Employees and CIOs Can't Agree on Who Is to Blame for the Constant Torrent of Insider Data Breaches
Far too often, when a large organization is hit by a data breach, it's quick to announce that an investigation is ongoing and that its security specialists, along with outside experts and law enforcement agents will try to do everything they can to find out who is responsible for the incident. People and organizations are so focused on finding out who's done it sometimes that they forget what their real priority should be – learning how many people were affected and finding out what can be done to protect their data and privacy.
A thorough investigation is nevertheless a vital part of the response to a cybersecurity incident. To prevent future data leaks, organizations must find out what happened and draw all the necessary conclusions.
We're seeing more and more breaches where data gets leaked with no outside help. In such cases, finding out where the mistake was made is even more important. Unfortunately, a survey commissioned by security company Egress shows that more often than not, this is far more difficult than it seems.
IT leaders and employees interviewed in an attempt to find out who is responsible for the state of data security
The report is called Insider Data Breach 2019, and as its name suggests, it focuses on data security incidents that happen without interference from hackers. The research was conducted by Opinion Matters and involved 500 IT leaders (Chief Information Officers) and just over 4,000 employees in the US and the UK.
The respondents were asked various questions regarding the way their employer handles data. They told researchers whether or not the companies they work for have suffered a breach recently and whether or not they expect one in the future. They gave opinions on who is responsible for what and whether the procedures and policies are as clearly stated as they should be. It turns out that there's an enormous abyss between what IT leaders and regular employees think.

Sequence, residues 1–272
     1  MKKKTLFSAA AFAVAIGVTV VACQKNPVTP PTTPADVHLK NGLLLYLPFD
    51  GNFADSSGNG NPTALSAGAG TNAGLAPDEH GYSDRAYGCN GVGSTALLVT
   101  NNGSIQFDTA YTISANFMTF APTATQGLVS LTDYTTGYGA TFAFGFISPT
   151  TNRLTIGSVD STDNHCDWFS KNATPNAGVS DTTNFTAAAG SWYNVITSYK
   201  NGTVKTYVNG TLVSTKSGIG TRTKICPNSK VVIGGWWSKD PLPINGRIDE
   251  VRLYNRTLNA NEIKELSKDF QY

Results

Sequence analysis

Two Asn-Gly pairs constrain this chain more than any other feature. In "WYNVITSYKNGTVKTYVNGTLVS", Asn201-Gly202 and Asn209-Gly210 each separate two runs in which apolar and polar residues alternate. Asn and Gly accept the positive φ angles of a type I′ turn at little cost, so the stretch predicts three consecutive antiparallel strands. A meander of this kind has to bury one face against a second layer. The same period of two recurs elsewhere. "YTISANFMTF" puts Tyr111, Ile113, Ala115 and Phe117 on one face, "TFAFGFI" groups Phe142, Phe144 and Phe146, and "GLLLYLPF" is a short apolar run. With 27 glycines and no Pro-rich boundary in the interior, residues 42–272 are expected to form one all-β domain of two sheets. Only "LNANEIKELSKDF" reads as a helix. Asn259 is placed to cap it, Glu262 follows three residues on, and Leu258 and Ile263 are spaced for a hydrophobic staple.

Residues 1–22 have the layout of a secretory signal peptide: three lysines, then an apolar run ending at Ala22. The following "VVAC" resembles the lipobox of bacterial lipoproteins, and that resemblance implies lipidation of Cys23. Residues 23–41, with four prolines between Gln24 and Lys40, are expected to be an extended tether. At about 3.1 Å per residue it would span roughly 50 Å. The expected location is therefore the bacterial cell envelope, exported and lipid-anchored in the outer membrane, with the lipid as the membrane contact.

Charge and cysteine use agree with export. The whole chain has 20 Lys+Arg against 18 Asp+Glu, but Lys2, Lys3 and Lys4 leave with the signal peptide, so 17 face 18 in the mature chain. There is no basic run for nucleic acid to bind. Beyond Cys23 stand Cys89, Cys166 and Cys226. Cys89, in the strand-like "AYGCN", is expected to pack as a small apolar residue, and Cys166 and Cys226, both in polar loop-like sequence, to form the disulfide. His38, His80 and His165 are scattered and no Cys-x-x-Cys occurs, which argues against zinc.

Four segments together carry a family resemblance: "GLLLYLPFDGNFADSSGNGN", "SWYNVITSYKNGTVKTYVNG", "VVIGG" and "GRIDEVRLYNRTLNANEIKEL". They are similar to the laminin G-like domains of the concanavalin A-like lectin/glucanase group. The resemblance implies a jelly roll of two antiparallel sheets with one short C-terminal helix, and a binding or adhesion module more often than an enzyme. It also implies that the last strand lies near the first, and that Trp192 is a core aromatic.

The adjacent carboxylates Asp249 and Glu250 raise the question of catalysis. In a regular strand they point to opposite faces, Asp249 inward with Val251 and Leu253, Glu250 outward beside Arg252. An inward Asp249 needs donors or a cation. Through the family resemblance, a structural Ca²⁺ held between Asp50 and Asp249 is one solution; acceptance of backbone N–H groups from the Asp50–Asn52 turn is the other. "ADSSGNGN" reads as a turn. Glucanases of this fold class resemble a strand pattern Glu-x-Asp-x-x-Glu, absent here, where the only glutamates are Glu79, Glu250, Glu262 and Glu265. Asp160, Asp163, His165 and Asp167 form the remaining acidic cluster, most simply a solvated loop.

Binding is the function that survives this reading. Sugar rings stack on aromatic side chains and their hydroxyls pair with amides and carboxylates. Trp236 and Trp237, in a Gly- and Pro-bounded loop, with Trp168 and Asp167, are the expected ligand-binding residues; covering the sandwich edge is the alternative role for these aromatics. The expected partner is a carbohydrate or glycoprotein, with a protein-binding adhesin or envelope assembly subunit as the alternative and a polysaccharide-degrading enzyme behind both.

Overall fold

Nobody seems to agree on anything
It looks like CIOs aren't terribly confident in employees' ability to keep information secure. A whopping 95% of them think that insiders can really put their organization's data at risk. In their minds, they have a good reason for this.
79% of the interviewed IT leaders believe that during the previous year, employees have put company information at risk, and 61% think that they have done so deliberately. 60% of the interviewed CIOs believe that their organizations will suffer a data breach of some sort during the next twelve months, and almost half (46%) think that the breach will be malicious.
When lower-level employees get to answer the questions, however, things look very different. More than 90% of them say that they have never broken their organization's policy when it comes to processing information. And of those that do admit to sharing data insecurely, more than half claim that they did it because they weren't given the right tools to do it properly.
In other words, the blame is tossed around like a hot potato, and at the same time, the never-ending stream of data breaches shows that the situation is far from ideal. Is there a way out of it?
Securing company data should be a coordinated process
Keeping business information secure in this day and age is an ongoing, complicated process that depends on many different people, which means that when things go wrong, it's often difficult to point the finger at a single person and say "It's their fault". The fact of the matter is, everyone, from C-level employees right down to the person copy-pasting information from one database to another, must be fully aware of how important data is and what the consequences of losing it are.
CIOs must work with lower-level workers to create policies that protect the data and ensure a smooth workflow at the same time. Employees must be taught how to make the best of these policies, and crucially, they should be told what could happen if they don't stick to them.
Unfortunately, given the wide gap in the figures quoted in Egress' Insider Data Breach 2019 report, predicting a significant improvement in the near future would be little more than wishful thinking.